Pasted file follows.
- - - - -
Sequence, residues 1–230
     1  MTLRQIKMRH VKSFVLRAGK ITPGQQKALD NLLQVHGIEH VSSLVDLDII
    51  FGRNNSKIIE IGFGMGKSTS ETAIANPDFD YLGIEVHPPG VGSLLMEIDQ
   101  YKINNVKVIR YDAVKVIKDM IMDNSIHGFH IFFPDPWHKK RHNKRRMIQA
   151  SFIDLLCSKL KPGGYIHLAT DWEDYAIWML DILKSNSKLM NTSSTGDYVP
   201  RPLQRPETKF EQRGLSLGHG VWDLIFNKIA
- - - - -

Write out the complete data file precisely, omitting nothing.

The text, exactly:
Sequence, residues 1–230
     1  MTLRQIKMRH VKSFVLRAGK ITPGQQKALD NLLQVHGIEH VSSLVDLDII
    51  FGRNNSKIIE IGFGMGKSTS ETAIANPDFD YLGIEVHPPG VGSLLMEIDQ
   101  YKINNVKVIR YDAVKVIKDM IMDNSIHGFH IFFPDPWHKK RHNKRRMIQA
   151  SFIDLLCSKL KPGGYIHLAT DWEDYAIWML DILKSNSKLM NTSSTGDYVP
   201  RPLQRPETKF EQRGLSLGHG VWDLIFNKIA